Yes for sure! The infamous quote "I wouldn't want to dismissed that easily" has been taken out of context, and was not meant to mean what one would think. Dorothy Day was not opposed to the concept of saints and was OBEDIENT to the teachings of the church, and loved the church. There seems to be this need for some to classify DD as some rebel of the church-she wasn't=she challenged some wimpy bishops and priests and challenged the church because in some ways it wasn't livng up to what it was called to be. But she never said "be liberal", the bottom line is she accepted her calling to live the gospel, took vows of poverty, chastity, and obedience, and once she said "yes', she lived the faith.

Anonymous


Yes I think that she is one of the few people who did not mind what any one thinks, as long as she knows that what she is doing is right. She should be a saint for what she did really shaped the world into becoming a better place for the unpriveleged.

Anonymous


she doesn't have to be proclaimed a saint because through the people's eyes, she is already a saint.. :)

Anonymous


I strongly believe so. Dorothy's remarks about sainthood(don't make a saint out of me) don't reflect a formal theological statement about saints, rather they reflect her humility. Dorothy obviously believed in the Catholic cult of the saints. If that most humble of saints, Saint Therese, theologian of the little way, can be raised to the alters and celebrated and venerated in a beutiful reliquary, then Dorothy patron of the poor of spirit should be too. Dorothy herself would submit to the judgement of the Church. If the Church judges her to be a saint then we should also submit. And regarding the spending of money remember Judas: "Why was this ointment not sold and the money given to the poor?"

Conrad Annee
Washington, DC


I support the efforts to cannonize Dorothy Day. My parents, Jim and Eileen Allen, of Tucson, Arizona, were greatly influenced by Dorothy Day when they met her in Chicago in the late 1940's. We were lucky enough to have her stay at our big, rambling adobe home on the occasions that she visited Tucson in the 50's, 60's, and 70's. I remember that Dorothy was with us when my Grandfather died in 1965. She gathered us (10 children in all) together and spoke to us about death and about life. My oldest sister was pregnant with her first child and she likened our grandfather's death to the birth of Betsy's child: They were both beginnings of great and wonderful journeys, journeys that would bring us closer to God, closer to the truth of God's love. Only 10 years old at the time, Dorothy helped me to understand and embrace my grandfather's death as no one could have. She helped me to understand that there are no dead ends, there are only new beginnings. I could go on and on about her insight and influence on all of our lives, but to this day I will always attribute to Dorothy my strong faith in God and my strong belief that there is hope in life in death, in sorrow, and in pain. She modeled unswerving faith and incredible patience for all of us Allen children. I thank the Lord for her presence in my life.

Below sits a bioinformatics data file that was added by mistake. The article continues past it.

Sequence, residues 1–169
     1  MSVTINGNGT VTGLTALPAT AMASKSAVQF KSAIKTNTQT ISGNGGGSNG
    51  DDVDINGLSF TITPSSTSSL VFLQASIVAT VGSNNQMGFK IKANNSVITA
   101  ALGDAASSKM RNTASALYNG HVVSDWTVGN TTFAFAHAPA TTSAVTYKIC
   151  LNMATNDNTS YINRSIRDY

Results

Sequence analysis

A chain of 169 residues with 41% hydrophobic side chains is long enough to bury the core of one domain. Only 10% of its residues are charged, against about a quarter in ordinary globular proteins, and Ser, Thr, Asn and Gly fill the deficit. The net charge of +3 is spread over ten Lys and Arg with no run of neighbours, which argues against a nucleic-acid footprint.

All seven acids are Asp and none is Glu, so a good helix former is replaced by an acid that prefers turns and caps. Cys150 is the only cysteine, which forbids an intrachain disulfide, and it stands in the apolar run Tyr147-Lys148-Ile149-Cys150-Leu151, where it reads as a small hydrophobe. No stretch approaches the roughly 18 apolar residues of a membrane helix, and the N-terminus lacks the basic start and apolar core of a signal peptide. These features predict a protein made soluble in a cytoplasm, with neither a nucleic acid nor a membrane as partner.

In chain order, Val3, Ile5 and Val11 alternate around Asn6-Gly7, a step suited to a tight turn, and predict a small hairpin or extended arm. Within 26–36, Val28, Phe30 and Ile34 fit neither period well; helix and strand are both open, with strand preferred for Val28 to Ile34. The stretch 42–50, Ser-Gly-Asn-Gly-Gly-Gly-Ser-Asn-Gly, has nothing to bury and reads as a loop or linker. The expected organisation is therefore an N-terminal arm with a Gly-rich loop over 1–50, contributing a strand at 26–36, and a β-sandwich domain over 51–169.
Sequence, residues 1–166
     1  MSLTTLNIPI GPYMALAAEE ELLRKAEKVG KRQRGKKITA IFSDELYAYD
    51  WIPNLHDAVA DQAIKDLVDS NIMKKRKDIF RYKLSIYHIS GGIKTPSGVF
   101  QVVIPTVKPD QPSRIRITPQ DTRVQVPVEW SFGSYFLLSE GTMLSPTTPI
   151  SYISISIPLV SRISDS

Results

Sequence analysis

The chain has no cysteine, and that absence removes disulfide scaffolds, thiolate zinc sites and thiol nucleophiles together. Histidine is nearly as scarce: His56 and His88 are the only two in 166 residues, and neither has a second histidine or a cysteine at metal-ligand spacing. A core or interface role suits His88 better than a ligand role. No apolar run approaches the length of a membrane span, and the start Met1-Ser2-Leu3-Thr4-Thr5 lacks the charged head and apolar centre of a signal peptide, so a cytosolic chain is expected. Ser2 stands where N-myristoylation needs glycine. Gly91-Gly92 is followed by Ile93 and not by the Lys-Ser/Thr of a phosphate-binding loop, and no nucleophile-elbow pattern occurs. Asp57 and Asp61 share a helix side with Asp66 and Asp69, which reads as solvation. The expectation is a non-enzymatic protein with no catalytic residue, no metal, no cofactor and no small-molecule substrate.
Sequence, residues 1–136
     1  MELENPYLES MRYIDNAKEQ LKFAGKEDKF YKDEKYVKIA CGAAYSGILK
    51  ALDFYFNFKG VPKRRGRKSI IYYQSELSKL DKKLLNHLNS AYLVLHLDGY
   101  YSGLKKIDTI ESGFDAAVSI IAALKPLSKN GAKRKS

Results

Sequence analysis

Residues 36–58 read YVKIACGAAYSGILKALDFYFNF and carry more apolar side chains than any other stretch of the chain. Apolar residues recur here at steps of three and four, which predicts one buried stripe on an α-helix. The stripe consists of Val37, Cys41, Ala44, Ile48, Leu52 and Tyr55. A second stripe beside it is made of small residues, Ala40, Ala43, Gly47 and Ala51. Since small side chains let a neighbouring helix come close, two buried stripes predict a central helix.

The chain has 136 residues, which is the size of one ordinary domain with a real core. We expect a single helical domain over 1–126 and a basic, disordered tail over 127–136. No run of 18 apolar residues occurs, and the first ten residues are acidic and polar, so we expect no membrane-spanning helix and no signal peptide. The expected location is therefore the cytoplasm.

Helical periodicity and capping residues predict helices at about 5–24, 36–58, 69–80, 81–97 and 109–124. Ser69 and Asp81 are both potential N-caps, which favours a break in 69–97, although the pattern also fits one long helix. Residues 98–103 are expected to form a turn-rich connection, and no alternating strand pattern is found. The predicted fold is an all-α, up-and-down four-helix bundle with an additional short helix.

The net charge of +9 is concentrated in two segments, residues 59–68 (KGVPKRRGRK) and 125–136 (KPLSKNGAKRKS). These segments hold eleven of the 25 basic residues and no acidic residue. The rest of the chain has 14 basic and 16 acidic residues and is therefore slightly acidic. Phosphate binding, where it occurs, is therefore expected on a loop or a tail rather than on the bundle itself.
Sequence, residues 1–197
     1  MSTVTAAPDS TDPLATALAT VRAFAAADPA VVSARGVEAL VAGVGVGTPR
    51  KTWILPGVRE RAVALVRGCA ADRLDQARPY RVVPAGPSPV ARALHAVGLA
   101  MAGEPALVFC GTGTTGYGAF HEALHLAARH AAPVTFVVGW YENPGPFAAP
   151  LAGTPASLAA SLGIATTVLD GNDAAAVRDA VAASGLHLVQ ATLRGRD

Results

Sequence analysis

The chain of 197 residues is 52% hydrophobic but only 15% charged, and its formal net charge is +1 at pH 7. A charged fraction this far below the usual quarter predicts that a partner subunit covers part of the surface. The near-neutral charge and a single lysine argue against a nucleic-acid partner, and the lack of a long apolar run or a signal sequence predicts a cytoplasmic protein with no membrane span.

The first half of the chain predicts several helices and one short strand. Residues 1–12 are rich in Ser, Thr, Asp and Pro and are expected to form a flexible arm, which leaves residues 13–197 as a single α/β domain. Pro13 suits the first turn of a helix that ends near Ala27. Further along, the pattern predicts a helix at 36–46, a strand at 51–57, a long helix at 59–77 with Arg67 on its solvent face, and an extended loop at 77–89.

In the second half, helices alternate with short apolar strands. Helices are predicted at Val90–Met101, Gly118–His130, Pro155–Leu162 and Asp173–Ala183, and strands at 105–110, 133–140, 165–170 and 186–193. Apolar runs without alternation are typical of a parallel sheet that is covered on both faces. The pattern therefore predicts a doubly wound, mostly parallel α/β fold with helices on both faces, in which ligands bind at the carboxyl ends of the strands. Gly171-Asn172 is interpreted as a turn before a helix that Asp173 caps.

Patricia Allen-LaFleur
Chino Valley Arizona


Dorothy Day was one of the greatest pacifists of the 20th century. The efforts and sacrifices that she made to help the poor and unfortunate were saintly, and need to be recognized by the Church.

Nick LaFleur
Chino Valley


I am challenged and inspired by Miss Day's vision and charism to serve Jesus in the poor. I think about what she said about her possible sainthood--"You can't get off that easy." I think Thomas Merton would share those sentiments. I wonder what Dorothy would think about efforts on the part of the CW Movement in regards to the genocide occurring, pretty much unopposed, in abortion clinics accross this land. I believe she called abortion "genocide"(?). Aren't unborn children the poorest of the poor? Aren't they an oppressed minority? Sorry to get off the subject. I appreciate all the CW is doing, but would certainly appreciate a response on your stance on the abortion debacle. MH

Michael Henry
Columbus, OH, USA


The Church would simply be acknowledging the Truth, that God manifested his Mighty Acts in the person, the outward and visible living sign of Dorothy Day, a Sinner among sinners, a holy one among the holy Poor in the Spirit of God. The Church can only speak the Truth that Dorothy Day was a Mira (see! see!) Call!, a miracle. Not because of her good works, but because of what God did in her, in her sins and in her good works, All redeemed in and through the praise of God by the Church for her Life. Of course she is a saint, and even Dorothy would admit that her life was not hers to own, but belonged to God for the manifestation of His/Her/Its Glory. Her Glory is not hers; it is a gift to the Church and to the World from God! In my opinion of faith. Dorothy, pray for us all!

Joel Watson
Oregon


By all means, her candidacy must move forward. She is an example for us all. And she is more so than certain candidates recently put forward.

Lawrence Sather
Edwardsville, IL 62025


I am very much in favor of making Dorothy Day a saint. Four different times in my life I was able to meet her personally. I found her to be a very inspiring person.

James Taylor
Guam